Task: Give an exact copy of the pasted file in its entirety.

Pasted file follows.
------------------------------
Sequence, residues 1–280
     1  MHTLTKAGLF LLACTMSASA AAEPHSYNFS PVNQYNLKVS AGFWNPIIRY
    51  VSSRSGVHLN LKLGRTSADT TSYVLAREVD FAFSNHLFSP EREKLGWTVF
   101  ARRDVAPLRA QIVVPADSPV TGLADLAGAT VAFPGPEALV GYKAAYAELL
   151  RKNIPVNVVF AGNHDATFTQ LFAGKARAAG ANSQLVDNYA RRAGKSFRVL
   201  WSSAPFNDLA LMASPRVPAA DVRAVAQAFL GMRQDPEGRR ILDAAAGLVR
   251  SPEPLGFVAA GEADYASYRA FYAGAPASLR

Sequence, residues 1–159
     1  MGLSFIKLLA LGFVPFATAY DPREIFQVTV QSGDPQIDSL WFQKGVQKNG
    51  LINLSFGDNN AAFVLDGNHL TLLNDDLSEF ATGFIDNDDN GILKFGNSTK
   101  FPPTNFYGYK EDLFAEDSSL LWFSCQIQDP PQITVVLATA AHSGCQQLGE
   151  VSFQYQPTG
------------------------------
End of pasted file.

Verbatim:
Sequence, residues 1–280
     1  MHTLTKAGLF LLACTMSASA AAEPHSYNFS PVNQYNLKVS AGFWNPIIRY
    51  VSSRSGVHLN LKLGRTSADT TSYVLAREVD FAFSNHLFSP EREKLGWTVF
   101  ARRDVAPLRA QIVVPADSPV TGLADLAGAT VAFPGPEALV GYKAAYAELL
   151  RKNIPVNVVF AGNHDATFTQ LFAGKARAAG ANSQLVDNYA RRAGKSFRVL
   201  WSSAPFNDLA LMASPRVPAA DVRAVAQAFL GMRQDPEGRR ILDAAAGLVR
   251  SPEPLGFVAA GEADYASYRA FYAGAPASLR

Sequence, residues 1–159
     1  MGLSFIKLLA LGFVPFATAY DPREIFQVTV QSGDPQIDSL WFQKGVQKNG
    51  LINLSFGDNN AAFVLDGNHL TLLNDDLSEF ATGFIDNDDN GILKFGNSTK
   101  FPPTNFYGYK EDLFAEDSSL LWFSCQIQDP PQITVVLATA AHSGCQQLGE
   151  VSFQYQPTG